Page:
Much of the existing research focused on the performance analysis of the CFSOC based-on an adaptive optics (AO) unit. Aniceto Belmonte analyzed the capacity of CFSOC links using atmospheric compensation techniques and the influence of atmospheric phase compensation on optical heterodyne power measurements. The effects of various parameters are given, including the ratio of the receiver aperture diameter to the wavefront coherent diameter, the strength of the scintillation index, and the number of modes compensated. The results showed that the phase-compensated heterodyne receivers offered the potential for overcoming the limitations imposed by the atmosphere by the partial correction of turbulence-induced wavefront phase aberrations. However, wavefront amplitude fluctuations limited the compensation process and diminished the achievable heterodyne performance [10,11]. Ming Li et al. established a CFSOC channel model for maritime conditions, and a comprehensive comparison of performance was made between the maritime and terrestrial atmospheric links. The results showed that the BER of the CFSOC system can be significantly improved with AO unit [12]. Jiawei Li et al. performed the BER performance of CFSOC with binary phase shift keying (BPSK) modulation, the servo bandwidth was investigated using different values for the Greenwood frequency (GF), however the experimental analysis is ignored [13]. Zuo et al. used Zernike mode to investigate the BER performance of CFSOC system in weak non-Kolmogorov turbulence and showed that BER decreased sharply as more modes were corrected employing phase compensation techniques. The optimal compensation parameters are found showing that the CFSOC system can obtain the minimum BER. In addition, the mode is accurate with the large of the ratio of the receiving aperture diameter D to the coherent length r0 (D/r0) [14,15]. Chao Liu and Jian Huang et al. analyzed the ME and BER performance improvement of the CFSOC with AO by numerical simulation and the experimental data of a 1.8 m telescope with a 127-element AO system, under different D/r0. The results showed that the AO technique had great potential to improve the performances of the CFSOC. Especially, they also indicated that the tilt aberrations account for about 87% of the total aberrations from atmospheric turbulence, and a lower response bandwidth caused by a large tilt mirror stroke cannot compensate high-order aberrations [16–19]. Above all, much research is around the AO system under different atmospheric turbulence evaluated by D/r0. The analysis depending on the GF is scarce.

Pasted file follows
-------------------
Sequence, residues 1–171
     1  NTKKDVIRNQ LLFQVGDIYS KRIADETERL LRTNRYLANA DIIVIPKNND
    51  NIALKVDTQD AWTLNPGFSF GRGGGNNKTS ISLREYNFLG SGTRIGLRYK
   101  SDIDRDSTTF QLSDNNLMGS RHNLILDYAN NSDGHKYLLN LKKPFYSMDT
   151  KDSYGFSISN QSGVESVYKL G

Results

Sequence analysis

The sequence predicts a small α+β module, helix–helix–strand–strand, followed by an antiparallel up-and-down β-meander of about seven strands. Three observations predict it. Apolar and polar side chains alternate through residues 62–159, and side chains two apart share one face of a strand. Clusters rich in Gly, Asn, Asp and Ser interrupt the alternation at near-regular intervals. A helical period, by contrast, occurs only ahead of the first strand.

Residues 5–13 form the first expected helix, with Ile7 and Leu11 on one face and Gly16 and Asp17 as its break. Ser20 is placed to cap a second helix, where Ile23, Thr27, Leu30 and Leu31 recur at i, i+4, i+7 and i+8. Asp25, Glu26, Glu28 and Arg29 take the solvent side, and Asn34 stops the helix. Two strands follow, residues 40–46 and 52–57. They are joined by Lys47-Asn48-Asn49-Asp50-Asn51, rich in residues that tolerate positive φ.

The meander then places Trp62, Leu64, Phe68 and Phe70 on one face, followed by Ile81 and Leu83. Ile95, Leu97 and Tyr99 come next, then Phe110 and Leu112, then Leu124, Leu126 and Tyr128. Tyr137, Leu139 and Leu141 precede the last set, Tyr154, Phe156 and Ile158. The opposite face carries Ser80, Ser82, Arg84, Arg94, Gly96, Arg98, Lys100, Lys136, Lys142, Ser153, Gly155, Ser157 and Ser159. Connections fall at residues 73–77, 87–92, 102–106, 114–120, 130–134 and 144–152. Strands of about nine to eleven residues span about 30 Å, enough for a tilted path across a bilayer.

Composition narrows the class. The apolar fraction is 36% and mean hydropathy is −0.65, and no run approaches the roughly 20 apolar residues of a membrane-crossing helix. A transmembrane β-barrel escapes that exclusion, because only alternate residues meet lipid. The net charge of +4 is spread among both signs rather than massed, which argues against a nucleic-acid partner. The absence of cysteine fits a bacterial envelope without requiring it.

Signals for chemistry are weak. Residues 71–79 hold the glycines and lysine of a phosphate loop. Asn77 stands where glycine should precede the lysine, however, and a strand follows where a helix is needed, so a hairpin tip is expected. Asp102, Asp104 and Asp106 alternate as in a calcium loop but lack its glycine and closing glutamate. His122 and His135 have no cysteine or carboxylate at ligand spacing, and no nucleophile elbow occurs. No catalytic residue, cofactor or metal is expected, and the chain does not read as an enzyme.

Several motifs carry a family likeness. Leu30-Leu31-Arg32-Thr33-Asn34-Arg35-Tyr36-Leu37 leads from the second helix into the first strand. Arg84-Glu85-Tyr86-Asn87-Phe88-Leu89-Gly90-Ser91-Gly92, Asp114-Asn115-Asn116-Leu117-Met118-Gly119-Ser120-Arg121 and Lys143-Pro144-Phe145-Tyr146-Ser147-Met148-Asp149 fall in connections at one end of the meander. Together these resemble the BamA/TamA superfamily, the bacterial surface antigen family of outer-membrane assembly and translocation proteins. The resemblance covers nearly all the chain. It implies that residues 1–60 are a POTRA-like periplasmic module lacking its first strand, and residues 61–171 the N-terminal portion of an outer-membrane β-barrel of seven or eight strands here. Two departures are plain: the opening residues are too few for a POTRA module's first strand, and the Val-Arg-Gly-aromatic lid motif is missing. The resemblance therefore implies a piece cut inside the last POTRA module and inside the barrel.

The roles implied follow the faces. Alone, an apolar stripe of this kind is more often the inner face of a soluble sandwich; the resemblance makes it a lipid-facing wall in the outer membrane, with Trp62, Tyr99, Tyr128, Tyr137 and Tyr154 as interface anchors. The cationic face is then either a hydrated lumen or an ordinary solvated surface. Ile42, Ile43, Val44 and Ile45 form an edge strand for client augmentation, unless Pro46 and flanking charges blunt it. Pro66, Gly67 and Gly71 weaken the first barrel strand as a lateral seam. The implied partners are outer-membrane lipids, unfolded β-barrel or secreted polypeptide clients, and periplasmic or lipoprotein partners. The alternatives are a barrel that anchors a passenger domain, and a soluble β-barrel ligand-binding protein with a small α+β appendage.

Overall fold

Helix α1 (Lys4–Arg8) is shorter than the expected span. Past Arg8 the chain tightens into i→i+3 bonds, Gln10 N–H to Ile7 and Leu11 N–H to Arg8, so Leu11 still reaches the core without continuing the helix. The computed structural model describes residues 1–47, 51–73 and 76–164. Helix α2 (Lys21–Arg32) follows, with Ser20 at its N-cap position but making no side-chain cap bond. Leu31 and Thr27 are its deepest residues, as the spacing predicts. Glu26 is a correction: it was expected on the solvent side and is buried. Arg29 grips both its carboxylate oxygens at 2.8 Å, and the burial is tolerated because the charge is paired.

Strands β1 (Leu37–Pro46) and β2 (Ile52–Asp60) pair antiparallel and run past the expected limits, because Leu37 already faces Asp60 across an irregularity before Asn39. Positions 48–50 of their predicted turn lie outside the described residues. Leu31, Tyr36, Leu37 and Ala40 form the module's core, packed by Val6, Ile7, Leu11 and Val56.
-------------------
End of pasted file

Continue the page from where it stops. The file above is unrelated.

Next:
In this paper, the relationship of the fluctuation of the arrival angle caused by tilt aberrations, wavefront distortions caused by high-order aberrations, and the GF is derived. Moreover, the ME and BER is analyzed under different GF. Secondly, the relationship between the root-mean-square (RMS) of the ME, the RMS of tilt aberrations, and the GF is derived to estimate the volatility of the ME. At last, an AO unit with a double-stage fast-steering-mirror (FSM) and a 97-element continuous surface deformable mirror (CSDM) is designed. The performance of CFSOC with and without the first-stage FSM, the double-stage FSM and the high-order aberrations correction under different GF is analyzed. The experimental results illustrate the relationship between the performance of CFSOC, the closed-loop control bandwidth (CLCB), and the GF. The conclusions of this paper can offer reference data to the design of the CFSOC based-on AO unit.